Thursday, 30 January 2014
Maurice Sendak, In The Night Kitchen (1970)
Some good discussion in seminar today about Where The Wild Things Are, and about picture-books more generally: repetition; Fort-Da; shifts of scale; the place of beasts. But not much love for In The Night Kitchen. Weird, they said. Just random, they said. The nudity in it is most offputting they said. Freaky and inappropriate, they said. (They're not alone in that last one: 'In the Night Kitchen proved controversial on its release, as several well-meaning librarians and teachers reacted to Mickey’s nudity by removing the book from the shelves and/or covering the child’s offending genitalia with marker, tape, or other method of obscuring it. The book continues to appear on lists of banned or challenged books, somewhat to the consternation of those who can find nothing disturbing or “sexual” in the nudity of such a young child as Mickey appears to be'). What do we make of Mickey's Little Nemo-like dream-adventure?
The sensation of falling is commonly associated with going to sleep (see also: Alice). In other news Hypnic Jerk will be the name of the villain in my soon-to-be-written groovy interplanetary spy-adventure novel.
Yes, the nakedness. Several of my students expressed unease at the images; but it is surely a version of nudity entirely lacking in erotic charge. Little kids get naked all the time, after all.
The Oliver Hardy chefs are a little incongruous, I suppose; except that (a) Hardy looks so gorgeously podgy and jolly and well-fed, that he fits a story about the delights of rich, sweet foodstuffs; and (b) the Laurel and Hardy schtick is grown-adults-acting-like-young-kids, which also chimes well here.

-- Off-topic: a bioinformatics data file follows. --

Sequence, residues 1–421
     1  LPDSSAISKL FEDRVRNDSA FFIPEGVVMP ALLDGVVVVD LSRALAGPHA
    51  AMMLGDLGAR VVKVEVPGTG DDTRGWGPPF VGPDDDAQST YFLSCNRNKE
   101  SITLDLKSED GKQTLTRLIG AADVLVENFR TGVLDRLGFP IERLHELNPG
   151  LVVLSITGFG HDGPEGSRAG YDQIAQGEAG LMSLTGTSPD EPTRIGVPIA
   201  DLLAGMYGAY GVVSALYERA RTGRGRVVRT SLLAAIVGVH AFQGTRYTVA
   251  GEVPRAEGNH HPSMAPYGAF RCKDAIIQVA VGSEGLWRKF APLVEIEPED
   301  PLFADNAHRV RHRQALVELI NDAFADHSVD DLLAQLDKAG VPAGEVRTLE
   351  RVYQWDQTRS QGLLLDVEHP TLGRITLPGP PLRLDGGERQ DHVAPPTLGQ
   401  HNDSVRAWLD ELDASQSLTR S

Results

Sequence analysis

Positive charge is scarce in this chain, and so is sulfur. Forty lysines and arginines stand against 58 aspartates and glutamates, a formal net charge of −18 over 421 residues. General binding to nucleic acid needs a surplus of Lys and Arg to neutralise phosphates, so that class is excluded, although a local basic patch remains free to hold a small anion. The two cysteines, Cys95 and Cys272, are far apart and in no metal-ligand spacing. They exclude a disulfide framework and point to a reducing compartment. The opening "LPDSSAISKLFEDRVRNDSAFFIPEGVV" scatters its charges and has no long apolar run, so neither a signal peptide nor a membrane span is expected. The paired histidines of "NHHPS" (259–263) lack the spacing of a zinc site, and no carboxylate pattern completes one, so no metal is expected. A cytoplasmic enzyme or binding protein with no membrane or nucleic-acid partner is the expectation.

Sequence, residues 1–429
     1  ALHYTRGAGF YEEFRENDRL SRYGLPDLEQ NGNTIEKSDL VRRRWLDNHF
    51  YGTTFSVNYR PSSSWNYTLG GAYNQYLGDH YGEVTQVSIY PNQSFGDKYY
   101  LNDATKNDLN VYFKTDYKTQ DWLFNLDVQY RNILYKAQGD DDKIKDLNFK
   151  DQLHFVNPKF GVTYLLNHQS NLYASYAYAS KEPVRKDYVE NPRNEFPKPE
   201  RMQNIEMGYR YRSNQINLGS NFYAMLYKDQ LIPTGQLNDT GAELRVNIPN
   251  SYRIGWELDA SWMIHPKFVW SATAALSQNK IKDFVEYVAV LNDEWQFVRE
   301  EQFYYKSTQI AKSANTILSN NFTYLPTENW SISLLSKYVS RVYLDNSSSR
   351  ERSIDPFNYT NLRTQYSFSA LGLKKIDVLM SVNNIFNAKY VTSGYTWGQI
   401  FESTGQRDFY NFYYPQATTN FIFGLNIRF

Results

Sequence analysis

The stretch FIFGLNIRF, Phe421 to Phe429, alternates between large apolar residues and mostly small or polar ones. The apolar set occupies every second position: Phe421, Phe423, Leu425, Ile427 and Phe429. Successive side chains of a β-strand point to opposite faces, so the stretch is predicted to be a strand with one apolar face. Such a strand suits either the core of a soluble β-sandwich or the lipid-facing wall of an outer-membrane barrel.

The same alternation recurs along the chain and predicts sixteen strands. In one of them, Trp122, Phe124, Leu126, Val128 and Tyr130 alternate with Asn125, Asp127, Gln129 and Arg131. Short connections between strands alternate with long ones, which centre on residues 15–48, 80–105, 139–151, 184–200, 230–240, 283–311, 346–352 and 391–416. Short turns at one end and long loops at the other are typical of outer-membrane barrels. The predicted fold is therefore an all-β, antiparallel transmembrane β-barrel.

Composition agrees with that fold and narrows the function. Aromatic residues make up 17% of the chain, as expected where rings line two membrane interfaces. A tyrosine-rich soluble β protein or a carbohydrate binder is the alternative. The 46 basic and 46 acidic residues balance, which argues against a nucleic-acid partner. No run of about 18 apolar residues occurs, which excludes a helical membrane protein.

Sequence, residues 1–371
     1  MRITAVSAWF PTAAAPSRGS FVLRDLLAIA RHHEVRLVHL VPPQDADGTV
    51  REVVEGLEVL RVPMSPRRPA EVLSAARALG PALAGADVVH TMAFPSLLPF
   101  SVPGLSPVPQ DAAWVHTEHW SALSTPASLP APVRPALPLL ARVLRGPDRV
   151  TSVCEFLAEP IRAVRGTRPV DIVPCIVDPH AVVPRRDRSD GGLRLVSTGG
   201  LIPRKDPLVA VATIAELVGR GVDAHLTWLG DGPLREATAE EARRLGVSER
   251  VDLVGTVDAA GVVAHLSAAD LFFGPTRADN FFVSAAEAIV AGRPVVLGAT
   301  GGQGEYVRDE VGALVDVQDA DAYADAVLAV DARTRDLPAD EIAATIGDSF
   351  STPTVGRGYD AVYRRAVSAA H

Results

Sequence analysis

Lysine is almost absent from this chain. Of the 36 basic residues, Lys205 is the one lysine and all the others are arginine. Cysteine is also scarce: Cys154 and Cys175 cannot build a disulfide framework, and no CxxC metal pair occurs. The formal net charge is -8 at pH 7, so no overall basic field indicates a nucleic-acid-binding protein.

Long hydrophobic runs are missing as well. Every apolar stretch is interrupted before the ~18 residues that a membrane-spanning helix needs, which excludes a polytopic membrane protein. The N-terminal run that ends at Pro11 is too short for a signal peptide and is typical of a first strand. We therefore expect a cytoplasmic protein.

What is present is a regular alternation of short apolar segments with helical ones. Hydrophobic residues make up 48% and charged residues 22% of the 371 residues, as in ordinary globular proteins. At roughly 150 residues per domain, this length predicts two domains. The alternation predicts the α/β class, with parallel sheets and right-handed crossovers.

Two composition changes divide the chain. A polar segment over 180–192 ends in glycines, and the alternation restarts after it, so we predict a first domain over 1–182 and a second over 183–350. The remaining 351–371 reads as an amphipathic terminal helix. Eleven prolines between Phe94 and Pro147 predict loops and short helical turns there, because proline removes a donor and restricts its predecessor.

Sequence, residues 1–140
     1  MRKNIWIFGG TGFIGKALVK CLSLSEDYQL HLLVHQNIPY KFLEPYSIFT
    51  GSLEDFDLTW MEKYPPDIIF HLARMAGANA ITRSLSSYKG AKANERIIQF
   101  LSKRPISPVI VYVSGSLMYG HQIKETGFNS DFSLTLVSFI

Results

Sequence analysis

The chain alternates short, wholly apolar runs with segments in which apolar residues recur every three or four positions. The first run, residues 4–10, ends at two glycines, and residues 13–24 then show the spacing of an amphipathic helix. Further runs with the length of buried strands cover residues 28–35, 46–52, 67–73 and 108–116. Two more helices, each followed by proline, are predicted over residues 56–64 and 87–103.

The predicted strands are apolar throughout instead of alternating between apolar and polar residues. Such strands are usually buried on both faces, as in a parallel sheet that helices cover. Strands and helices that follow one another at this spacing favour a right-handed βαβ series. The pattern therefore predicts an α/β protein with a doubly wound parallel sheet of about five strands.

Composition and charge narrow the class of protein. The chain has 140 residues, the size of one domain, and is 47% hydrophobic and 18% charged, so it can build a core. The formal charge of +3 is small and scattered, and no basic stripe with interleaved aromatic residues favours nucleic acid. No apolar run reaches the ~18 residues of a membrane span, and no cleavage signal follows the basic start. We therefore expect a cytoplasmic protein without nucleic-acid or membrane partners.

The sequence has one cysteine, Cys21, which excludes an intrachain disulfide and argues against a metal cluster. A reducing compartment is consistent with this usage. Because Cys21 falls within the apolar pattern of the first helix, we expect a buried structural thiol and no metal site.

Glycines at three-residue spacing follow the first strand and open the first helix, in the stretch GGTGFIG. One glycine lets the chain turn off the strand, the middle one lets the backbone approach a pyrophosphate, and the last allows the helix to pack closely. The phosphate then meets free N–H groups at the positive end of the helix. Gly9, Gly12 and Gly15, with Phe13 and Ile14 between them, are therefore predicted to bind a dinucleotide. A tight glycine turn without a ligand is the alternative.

So Mickey ends up with a suit of clothes made of pastry; and also with a pastry-plane. A propeller-driven plane, as you can see. Perhaps modelled on the Fokkcake Dr.I, as flown in the Great War by The Bread Baron. No, wait: of course not! The Dr.1 was a triplane ... and anyway look at the star on its wing! It's clearly a completely different American dessert-themed aircraft. Perhaps the Mousse-tang P51. Or maybe an A-36 Apacheesecake.)
Alright, alright. No more pudding-themed aircraft puns. Yes: I'll stop.
So Mickey falls in the milkie, dissolving away his pastry suit.
The chefs are pleased (the final roundel of the book declares: 'And That's Why Thanks To Mickey We Have Cake Every Morning'). Mickey himself is pleased too; so pleased he makes a noise like a euphemism for male member:
And then he slips back into his bed. There are affinities with Wild Things, of course; the child transported away to a fantastical, hyperbolic land where he is allowed to indulge his appetites (anger and boisterousness in Wild Things; hunger and thirst in Night Kitchen). But the seminar groups that looked at it today thought that, where Wild Things possessed a powerful narrative through-line and a unity of affect, this was a random assortment of jumbled nonsense. Nor does it, they insisted, pack the sort of satisfying Fort-Da wallop they insisted was to be found in Wild Things.
I must say, it seems to me an even more maternally-oriented, leave-mum-return-to-mum Fort-Dada specie of book. Mickey leaves his womb-bed and falls into the world. Once there he is dressed, and provided with a private plane in which to explore the wild outside. But then, halfway, the story takes a reverse turn. Into the milk goes Mickey:
I'm in the milk and the milk's in me! God bless milk and God bless me! It's the maternal-nutritive principle; the source of nourishment and comfort combined, in a sort of visual pun, with the amniosis of womb-existence (the amniosis-gnosis). The Da in Fort-Da doesn't get more Ma than this.